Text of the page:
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RESEARCH

TRAVIS ASH in HOME, QTC, 2015. Photo by Stephen Henry

Margi’s PhD (2017) “House of Homes”, focuses on the artistry of belonging.

Abstract:

This arts-based thesis focuses on notions of mapping a home of belonging. By investigating creative ways to re-story our past, present, and future, it considers what we might do to satisfy this basic human longing and necessity. Born out of a personal need, the study could be seen as a response to the growing social problem of loneliness and anxiety throughout the Western world and, more particularly, in the arts industry.

Underpinned by a social constructionist paradigm, the research has engaged with a range of ideas and methods from Theatre, Postmodern Therapies, and the Human Potential Movement, as well as studies in Home culture and mythology. This interdisciplinary approach has been driven by my own arts practice, which was deployed to devise and stage three original performances—Home (2012, 2015), Eve (2012, 2017), and He Dreamed a Train (2014, 2017)—collectively entitled The Belonging Trilogy. These shows, generated over six years, became a way of writing new personal mythologies to create, and re-create, my own personal map of belonging in my world as a social artist. An outcome of this process was the development of the “Relational Impulse Cultural” (RIC) Process, a method that can enrich artists’ professional and personal lives.

The embodied inquiry has pioneered an artistic and therapeutic method that can be used for understanding and articulating where and what is “home” and “belonging.” While home is constantly changing, depending on who one is becoming, the dissertation details how it can be productively created through the active re-storying of Place/Space, Mythologies/Stories, and Relationships. This original framework offers a simple yet effective model of personal and professional transformation. Coupled with the RIC Process, the process moves the social artist into a place of curiosity, vibrancy, and awareness, with an ability to push the boundaries, knowing that things constantly change. It is no longer a question of “Who am I?” or “Who are you?” but rather “Who am I becoming?” and “Who are you becoming?” Relationally, it allows for difference, diversity, and acceptance, improving the social bonds within our communities, both personally and professionally.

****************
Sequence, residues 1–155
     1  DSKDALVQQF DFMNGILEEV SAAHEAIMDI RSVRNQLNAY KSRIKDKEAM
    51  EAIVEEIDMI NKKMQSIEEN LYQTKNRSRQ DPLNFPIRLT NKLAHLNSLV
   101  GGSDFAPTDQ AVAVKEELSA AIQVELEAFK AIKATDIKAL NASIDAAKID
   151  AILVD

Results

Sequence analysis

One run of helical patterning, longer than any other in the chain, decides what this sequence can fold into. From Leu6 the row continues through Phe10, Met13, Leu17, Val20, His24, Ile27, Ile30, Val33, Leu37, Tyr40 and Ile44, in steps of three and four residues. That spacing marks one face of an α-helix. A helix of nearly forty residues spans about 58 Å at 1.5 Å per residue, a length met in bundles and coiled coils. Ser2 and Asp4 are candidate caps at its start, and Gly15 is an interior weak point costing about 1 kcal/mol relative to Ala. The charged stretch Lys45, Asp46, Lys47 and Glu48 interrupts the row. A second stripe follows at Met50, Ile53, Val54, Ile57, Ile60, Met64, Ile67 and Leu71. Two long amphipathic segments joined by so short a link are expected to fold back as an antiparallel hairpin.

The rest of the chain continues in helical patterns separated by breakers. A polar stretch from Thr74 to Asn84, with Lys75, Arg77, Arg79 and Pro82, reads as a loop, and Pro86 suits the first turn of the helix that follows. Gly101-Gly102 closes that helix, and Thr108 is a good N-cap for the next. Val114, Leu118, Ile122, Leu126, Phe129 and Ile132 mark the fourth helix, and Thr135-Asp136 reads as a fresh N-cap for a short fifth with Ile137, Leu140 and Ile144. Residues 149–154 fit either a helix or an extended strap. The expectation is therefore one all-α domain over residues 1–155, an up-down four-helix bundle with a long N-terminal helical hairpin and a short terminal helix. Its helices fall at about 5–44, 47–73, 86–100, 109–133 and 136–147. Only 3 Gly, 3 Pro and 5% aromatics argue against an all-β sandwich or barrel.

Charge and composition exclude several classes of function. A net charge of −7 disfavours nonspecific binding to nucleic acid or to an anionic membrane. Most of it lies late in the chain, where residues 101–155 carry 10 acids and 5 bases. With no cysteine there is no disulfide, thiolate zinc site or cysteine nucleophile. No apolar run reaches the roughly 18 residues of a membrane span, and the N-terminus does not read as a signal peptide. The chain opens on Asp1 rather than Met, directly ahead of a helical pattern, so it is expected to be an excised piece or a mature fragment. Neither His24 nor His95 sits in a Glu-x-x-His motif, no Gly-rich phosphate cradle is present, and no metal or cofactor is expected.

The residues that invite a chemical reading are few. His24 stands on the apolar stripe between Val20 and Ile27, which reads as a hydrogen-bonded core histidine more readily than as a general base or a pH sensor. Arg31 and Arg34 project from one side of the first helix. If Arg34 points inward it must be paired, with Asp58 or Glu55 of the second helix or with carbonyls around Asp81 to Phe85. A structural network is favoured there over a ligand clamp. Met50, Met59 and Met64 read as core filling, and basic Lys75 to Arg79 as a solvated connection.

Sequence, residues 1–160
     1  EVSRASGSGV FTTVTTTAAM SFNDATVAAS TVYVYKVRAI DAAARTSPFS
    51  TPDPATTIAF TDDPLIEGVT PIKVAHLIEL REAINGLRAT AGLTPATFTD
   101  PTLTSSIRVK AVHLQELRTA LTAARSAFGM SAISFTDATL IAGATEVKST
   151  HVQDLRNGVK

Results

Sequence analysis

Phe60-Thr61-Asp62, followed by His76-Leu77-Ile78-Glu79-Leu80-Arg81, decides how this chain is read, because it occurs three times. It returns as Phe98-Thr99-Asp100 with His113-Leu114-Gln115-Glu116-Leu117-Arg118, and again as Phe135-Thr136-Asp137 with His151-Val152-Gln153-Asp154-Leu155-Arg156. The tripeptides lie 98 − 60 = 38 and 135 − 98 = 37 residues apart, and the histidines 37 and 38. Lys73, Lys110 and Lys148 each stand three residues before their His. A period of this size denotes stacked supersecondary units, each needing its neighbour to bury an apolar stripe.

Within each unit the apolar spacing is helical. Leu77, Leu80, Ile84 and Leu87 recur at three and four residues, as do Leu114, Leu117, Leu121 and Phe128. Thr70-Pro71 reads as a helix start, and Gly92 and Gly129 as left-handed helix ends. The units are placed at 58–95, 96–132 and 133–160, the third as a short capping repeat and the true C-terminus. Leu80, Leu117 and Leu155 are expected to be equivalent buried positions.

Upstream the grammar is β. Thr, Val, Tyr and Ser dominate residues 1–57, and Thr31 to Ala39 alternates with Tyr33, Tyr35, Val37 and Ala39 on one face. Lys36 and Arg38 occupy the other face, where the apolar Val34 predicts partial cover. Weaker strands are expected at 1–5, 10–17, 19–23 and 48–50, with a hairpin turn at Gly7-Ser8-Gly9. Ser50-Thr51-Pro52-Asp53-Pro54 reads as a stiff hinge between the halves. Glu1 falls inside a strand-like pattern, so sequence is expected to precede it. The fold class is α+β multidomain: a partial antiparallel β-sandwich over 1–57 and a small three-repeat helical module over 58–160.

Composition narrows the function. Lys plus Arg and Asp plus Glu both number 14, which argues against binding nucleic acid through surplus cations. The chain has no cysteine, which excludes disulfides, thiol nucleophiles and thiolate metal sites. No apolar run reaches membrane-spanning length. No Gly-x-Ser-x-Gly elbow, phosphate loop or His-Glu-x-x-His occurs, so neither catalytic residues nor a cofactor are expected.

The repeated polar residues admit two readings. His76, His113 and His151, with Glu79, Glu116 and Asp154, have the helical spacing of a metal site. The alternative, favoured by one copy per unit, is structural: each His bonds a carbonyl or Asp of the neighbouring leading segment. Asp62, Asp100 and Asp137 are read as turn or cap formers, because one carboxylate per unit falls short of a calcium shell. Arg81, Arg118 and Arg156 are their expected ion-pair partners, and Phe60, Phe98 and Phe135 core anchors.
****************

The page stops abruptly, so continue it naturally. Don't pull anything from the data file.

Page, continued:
Margi’s Master of Arts (2009) “Mouthful of Pins” explores collaborate practice in the rehearsal room.

Abstract:

A Mouthful of Pins constitutes the practical component (50 per cent) of a practice-led Master of Arts through the Creative Industries Faculty of Queensland University of Technology. This research reports on the attempt to create a constructionist/collaborative theatre-making process by incorporating postmodern constructs borrowed from the therapy room. The study asserts that, when applied with awareness, therapeutic frameworks can help members of the creative team – including the director, performers, writer, designers and technicians – to fulfil their artistic capacity, thereby enriching their process, their performance and their collaborative relationship with each other.
For this to occur, it is imperative that the director/facilitator stay curious and aware of how they lead their creative team, with particular care around their use of language, as well as an increased awareness of the multiple stories (including the sometimes invisible social, historical, political, theatrical and leadership discourses) that surround and impact the artist‟s process.
This research is designed to assist students of theatre, as well as established professional practitioners, to find an alternative approach for collaboration that can result in longevity of practice, while at the same time embracing best practice for their outgoing creativity.

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